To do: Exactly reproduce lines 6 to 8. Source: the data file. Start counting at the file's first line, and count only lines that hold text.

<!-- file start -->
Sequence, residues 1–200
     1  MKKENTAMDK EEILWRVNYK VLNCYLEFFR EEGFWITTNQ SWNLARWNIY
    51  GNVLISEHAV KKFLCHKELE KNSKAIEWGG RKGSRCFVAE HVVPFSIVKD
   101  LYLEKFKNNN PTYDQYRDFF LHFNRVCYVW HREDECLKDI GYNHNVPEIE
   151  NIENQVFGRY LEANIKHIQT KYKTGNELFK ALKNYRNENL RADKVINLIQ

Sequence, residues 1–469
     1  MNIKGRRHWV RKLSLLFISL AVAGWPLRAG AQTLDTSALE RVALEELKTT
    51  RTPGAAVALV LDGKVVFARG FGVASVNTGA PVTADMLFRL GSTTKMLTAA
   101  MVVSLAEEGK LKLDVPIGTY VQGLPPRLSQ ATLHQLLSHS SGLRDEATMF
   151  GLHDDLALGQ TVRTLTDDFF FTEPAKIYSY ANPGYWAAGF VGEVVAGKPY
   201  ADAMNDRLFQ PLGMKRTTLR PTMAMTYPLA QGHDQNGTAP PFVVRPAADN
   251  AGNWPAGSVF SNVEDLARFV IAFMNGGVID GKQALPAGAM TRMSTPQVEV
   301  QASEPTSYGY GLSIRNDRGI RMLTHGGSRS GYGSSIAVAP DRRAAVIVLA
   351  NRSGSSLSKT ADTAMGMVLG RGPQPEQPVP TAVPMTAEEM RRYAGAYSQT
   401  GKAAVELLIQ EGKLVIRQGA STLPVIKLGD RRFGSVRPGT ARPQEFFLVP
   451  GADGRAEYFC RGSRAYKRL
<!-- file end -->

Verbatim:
Sequence, residues 1–469
     1  MNIKGRRHWV RKLSLLFISL AVAGWPLRAG AQTLDTSALE RVALEELKTT
    51  RTPGAAVALV LDGKVVFARG FGVASVNTGA PVTADMLFRL GSTTKMLTAA